The potential pension employees can get from their defined contribution plan peaked in 2000 and if economic conditions revert to historical norms, DC pensions could be only half as much, according to a report by Morneau Sobeco.
Its Vision report finds that an employee in a DC plan with a total contribution rate of 8%—which is close to the average rate in Canada today—and 30 years of service who retired in 2000 would have been able to buy a DC pension of nearly 48% of final pay (assuming an asset mix with a 50% equity weighting).
An accumulation period of 30 years in the same DC plan would have produced a pension as low as 14% of final pay (in 1977) or as high as 48% depending on the year of retirement, according to the report. It appears to be confirmation that investment volatility can have.
However, the culprit is the variability in wage inflation. Pay increases were much higher in the 1970s than any time since then. High pay increases means lower pensions as a percentage of pay in DC plans.
“Over time, a DC participant will be more vulnerable to the rate of pay increases than to investment risk,” says the report. “This is perhaps the most critical flaw with DC plans.”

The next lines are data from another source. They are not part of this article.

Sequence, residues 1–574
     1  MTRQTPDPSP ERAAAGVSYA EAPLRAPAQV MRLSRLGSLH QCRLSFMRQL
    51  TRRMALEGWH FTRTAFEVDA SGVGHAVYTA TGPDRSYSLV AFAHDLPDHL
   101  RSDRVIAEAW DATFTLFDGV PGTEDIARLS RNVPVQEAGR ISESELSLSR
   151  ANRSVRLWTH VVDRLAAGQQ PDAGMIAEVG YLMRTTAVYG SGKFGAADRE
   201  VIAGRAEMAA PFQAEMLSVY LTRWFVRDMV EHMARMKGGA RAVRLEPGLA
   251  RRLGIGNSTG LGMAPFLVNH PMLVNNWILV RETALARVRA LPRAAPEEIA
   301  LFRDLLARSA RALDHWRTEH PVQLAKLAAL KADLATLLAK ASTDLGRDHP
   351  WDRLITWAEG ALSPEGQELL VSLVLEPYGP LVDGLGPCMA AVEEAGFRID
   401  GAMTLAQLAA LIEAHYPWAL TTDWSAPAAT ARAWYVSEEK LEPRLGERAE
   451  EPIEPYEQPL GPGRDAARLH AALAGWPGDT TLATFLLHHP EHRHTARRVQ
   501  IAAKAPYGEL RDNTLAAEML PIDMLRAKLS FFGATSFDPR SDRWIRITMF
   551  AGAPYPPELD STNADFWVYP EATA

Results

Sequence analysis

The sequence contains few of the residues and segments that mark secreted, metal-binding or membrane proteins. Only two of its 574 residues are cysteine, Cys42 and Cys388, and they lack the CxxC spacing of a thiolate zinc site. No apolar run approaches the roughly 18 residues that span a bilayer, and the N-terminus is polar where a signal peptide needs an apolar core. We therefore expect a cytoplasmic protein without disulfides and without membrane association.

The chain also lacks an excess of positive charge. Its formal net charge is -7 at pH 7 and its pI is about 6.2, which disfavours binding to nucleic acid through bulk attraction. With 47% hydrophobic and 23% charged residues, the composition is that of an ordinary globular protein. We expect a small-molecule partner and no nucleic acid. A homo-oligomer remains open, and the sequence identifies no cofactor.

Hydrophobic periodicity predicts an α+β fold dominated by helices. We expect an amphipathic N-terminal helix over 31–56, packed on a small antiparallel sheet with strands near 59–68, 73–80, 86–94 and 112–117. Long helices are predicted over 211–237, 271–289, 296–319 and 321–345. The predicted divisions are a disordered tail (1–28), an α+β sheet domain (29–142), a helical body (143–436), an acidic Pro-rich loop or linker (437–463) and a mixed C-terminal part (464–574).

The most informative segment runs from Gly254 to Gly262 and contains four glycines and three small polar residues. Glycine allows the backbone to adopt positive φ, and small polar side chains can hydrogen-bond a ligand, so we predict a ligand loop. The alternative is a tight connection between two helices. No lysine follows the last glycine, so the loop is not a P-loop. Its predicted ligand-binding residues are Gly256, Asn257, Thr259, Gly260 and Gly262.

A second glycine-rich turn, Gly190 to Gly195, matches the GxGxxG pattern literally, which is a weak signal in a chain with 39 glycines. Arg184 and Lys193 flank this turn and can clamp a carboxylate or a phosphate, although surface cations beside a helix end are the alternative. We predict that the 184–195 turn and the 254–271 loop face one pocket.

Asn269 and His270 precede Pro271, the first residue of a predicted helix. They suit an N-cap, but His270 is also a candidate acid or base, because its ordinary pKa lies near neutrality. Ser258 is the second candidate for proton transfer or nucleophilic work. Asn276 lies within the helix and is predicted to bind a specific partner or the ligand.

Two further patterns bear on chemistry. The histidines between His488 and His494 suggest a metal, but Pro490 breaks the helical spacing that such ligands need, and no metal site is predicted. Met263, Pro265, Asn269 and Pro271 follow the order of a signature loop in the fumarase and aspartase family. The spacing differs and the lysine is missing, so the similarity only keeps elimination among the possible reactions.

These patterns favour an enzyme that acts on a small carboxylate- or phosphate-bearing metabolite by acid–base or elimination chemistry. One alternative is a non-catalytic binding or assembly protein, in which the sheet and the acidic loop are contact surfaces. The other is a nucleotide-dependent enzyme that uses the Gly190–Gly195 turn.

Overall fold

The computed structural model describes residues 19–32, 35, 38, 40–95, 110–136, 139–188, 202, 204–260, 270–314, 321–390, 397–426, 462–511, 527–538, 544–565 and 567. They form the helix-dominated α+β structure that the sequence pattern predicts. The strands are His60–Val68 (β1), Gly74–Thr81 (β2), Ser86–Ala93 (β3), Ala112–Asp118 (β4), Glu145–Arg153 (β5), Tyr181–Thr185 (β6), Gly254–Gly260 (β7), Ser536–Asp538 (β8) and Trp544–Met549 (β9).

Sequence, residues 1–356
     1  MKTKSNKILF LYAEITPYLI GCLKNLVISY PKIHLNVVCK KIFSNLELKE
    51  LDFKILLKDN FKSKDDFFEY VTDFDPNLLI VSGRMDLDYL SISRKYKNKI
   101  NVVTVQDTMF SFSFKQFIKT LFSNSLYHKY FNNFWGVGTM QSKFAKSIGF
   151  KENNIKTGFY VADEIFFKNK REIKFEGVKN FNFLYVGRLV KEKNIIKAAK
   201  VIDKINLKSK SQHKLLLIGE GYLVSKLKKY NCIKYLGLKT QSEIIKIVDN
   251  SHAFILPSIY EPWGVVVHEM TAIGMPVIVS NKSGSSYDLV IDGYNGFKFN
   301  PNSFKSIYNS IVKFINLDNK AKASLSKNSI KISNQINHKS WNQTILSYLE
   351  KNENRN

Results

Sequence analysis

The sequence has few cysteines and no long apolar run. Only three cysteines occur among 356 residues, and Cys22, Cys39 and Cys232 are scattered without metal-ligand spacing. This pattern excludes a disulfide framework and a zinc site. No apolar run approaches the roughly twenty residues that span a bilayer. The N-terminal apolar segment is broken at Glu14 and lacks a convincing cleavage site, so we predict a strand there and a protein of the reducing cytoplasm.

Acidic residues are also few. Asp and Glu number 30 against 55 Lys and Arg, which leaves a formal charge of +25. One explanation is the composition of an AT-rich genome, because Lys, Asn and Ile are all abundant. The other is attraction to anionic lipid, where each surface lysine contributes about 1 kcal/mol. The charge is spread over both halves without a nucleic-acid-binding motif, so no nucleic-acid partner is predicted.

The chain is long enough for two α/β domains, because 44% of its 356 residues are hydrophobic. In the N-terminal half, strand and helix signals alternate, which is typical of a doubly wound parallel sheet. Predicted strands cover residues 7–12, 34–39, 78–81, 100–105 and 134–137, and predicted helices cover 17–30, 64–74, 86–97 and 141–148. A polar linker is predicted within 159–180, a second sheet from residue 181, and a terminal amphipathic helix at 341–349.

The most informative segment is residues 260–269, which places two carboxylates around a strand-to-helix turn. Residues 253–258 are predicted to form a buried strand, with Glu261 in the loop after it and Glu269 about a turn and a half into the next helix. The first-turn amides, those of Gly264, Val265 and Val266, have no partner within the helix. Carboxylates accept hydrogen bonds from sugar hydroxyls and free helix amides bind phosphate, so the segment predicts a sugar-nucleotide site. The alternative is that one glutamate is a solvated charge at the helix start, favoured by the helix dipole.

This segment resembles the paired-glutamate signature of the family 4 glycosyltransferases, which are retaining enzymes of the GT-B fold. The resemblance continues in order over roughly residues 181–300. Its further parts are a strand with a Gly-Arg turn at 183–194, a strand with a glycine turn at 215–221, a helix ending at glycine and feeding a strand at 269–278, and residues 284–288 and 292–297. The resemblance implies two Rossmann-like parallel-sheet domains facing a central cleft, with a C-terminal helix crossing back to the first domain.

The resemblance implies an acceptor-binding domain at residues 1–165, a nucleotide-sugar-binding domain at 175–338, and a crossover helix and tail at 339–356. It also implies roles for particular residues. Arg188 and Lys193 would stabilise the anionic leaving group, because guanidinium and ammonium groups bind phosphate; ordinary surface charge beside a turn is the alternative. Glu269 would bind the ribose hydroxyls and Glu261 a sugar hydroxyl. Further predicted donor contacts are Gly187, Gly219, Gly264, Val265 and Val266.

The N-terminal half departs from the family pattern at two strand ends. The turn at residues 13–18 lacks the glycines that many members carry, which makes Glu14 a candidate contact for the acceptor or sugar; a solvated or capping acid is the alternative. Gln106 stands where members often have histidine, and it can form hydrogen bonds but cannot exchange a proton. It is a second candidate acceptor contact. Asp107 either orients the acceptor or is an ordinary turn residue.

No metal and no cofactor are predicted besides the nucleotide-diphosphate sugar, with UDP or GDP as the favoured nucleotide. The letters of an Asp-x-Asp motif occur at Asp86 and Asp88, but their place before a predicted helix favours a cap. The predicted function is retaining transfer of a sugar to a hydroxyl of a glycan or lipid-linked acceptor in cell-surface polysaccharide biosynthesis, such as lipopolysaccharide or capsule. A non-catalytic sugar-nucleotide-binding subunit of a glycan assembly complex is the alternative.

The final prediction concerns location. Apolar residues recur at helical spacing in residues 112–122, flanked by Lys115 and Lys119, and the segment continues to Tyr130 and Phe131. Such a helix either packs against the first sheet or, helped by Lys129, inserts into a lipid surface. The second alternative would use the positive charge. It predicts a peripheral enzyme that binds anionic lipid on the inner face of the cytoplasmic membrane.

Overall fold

What can plan sponsors do to ensure that their long-term workers don’t retire in 2025 with only half as much of a pension as retirees received in 2000? The answer, the report says, is a plan that shares the two characteristics of an ideal plan: stable costs and predictable retirement income.
DC plan participants will probably not be able to retire with as much pension in the next 10 years as they would have enjoyed over the past 10 years. And at some point, employers will feel the pressure to shore up their DC plans in some fashion.
“The longer corrective measures are delayed, the more expensive they will be to implement,” says the report. “One possible course of action is to consider alternate plan designs now…and implement one that better protects employees, at a reasonable cost to the organization.”
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